The U.S. Surgeon General warned on Tuesday that Americans should be prepared for a larger outbreak of coronavirus, but stressed that it shouldn't be a reason to panic.
"People should know this is likely going to get worse before it gets better," Jerome AdamsJerome AdamsFormer surgeon general: 'Unconscionable' for states to ban mask mandates Former Trump surgeon general says politicians are 'taking tools' away from public health offices Pence urges young conservatives to get COVID-19 vaccine MORE said during an interview on ABC's "Good Morning America".
"Americans should absolutely be prepared, but that doesn't mean that they should be afraid," Adams added.
The comments from Adams come as the number of cases of coronavirus in the U.S. has soared. Currently, there are 761 confirmed cases in more than 30 states with 27 deaths, according to updated data from Johns Hopkins University.
The Centers for Disease Control and Prevention (CDC) has been warning Americans over the age of 60, especially those with underlying health conditions, to avoid unnecessary travel and to stay away from large crowds.
Adams said he has been advising communities to prepare for outbreaks, even if they currently are not seeing clusters of infected people.
Health officials have long stressed that as testing capacity increases, more people infected with the virus will be identified.
The Trump administration has come under fire for being caught flat-footed in regards to the availability of diagnostic testing for the coronavirus as well as problems with the quality of the initial tests that resulted in a slower response time.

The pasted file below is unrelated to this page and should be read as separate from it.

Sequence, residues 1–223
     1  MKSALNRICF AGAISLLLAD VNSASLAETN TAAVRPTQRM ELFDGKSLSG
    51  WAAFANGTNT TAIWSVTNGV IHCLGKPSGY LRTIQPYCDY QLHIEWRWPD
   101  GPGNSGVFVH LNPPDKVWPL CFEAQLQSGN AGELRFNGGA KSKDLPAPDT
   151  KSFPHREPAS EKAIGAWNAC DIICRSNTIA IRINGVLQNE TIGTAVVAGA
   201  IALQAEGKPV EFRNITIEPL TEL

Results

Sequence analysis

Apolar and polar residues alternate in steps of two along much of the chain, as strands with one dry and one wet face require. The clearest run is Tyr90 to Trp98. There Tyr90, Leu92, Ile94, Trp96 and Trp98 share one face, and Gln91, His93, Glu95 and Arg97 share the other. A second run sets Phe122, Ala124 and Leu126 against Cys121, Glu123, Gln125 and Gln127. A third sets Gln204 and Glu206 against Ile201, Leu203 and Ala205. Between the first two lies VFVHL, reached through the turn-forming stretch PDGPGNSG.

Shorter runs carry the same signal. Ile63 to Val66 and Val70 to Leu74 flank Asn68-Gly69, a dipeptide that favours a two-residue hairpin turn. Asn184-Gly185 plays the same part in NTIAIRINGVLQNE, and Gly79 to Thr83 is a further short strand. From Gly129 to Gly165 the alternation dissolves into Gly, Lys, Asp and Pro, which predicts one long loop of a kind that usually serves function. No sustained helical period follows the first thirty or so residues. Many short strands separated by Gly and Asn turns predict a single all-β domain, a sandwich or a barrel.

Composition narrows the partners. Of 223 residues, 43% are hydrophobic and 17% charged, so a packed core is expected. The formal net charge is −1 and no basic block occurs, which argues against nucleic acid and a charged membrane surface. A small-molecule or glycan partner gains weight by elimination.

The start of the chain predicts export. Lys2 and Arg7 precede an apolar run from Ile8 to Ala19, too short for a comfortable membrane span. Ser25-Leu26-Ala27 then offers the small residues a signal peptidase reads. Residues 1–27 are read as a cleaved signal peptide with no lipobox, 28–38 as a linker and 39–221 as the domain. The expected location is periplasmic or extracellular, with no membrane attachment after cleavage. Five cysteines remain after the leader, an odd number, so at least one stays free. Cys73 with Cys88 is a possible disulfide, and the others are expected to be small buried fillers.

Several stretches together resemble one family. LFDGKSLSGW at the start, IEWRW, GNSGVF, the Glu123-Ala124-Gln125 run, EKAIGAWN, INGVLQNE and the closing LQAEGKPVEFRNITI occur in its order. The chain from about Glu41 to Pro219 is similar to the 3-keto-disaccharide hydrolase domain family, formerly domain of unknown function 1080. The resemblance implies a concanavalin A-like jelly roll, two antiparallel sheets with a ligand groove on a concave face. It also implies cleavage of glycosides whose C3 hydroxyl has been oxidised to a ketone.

Adams admitted "there were problems scaling up the test," but defended the administration's ability to rapidly deploy tests to Americans who need them compared to countries like South Korea who have, to date, tested far more people than the U.S.
"When we looked at the tests that were going on in the rest of the world, they weren't being held to the same quality standards that people in America expect and FDA [Food and Drug Administration] regulations require," Adams said.
Health officials have steadily ratcheted up their warnings to the public, even as some in the Trump administration attempt to downplay the severity and impact of the virus. Officials have also begun moving toward a strategy of mitigation, after efforts to contain the virus to just a few areas have failed.
"Initially we had a containment posture, and that works when you know where the cases are coming from," Adams said. "We're looking at mitigation ... things like school closures, pulling down large social gatherings, things like telework policies, those are all steps folks should be thinking about in case they have an outbreak in their communities."